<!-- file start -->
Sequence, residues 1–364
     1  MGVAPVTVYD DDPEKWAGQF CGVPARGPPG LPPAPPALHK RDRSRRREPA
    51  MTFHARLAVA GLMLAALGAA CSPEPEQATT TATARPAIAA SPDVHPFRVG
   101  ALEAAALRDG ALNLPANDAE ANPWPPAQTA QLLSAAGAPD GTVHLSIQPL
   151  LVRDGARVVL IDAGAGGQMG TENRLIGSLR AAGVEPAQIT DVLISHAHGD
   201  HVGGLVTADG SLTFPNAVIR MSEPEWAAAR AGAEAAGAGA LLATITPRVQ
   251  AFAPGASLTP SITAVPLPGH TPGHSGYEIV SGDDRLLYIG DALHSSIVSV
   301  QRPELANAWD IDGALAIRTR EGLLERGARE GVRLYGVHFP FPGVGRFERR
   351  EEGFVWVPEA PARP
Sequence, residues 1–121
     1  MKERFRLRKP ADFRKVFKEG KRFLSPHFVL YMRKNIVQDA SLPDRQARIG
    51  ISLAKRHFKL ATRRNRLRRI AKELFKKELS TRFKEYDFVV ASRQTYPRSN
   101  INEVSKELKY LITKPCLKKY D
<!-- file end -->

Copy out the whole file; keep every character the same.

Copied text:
Sequence, residues 1–364
     1  MGVAPVTVYD DDPEKWAGQF CGVPARGPPG LPPAPPALHK RDRSRRREPA
    51  MTFHARLAVA GLMLAALGAA CSPEPEQATT TATARPAIAA SPDVHPFRVG
   101  ALEAAALRDG ALNLPANDAE ANPWPPAQTA QLLSAAGAPD GTVHLSIQPL
   151  LVRDGARVVL IDAGAGGQMG TENRLIGSLR AAGVEPAQIT DVLISHAHGD
   201  HVGGLVTADG SLTFPNAVIR MSEPEWAAAR AGAEAAGAGA LLATITPRVQ
   251  AFAPGASLTP SITAVPLPGH TPGHSGYEIV SGDDRLLYIG DALHSSIVSV
   301  QRPELANAWD IDGALAIRTR EGLLERGARE GVRLYGVHFP FPGVGRFERR
   351  EEGFVWVPEA PARP
Sequence, residues 1–121
     1  MKERFRLRKP ADFRKVFKEG KRFLSPHFVL YMRKNIVQDA SLPDRQARIG
    51  ISLAKRHFKL ATRRNRLRRI AKELFKKELS TRFKEYDFVV ASRQTYPRSN
   101  INEVSKELKY LITKPCLKKY D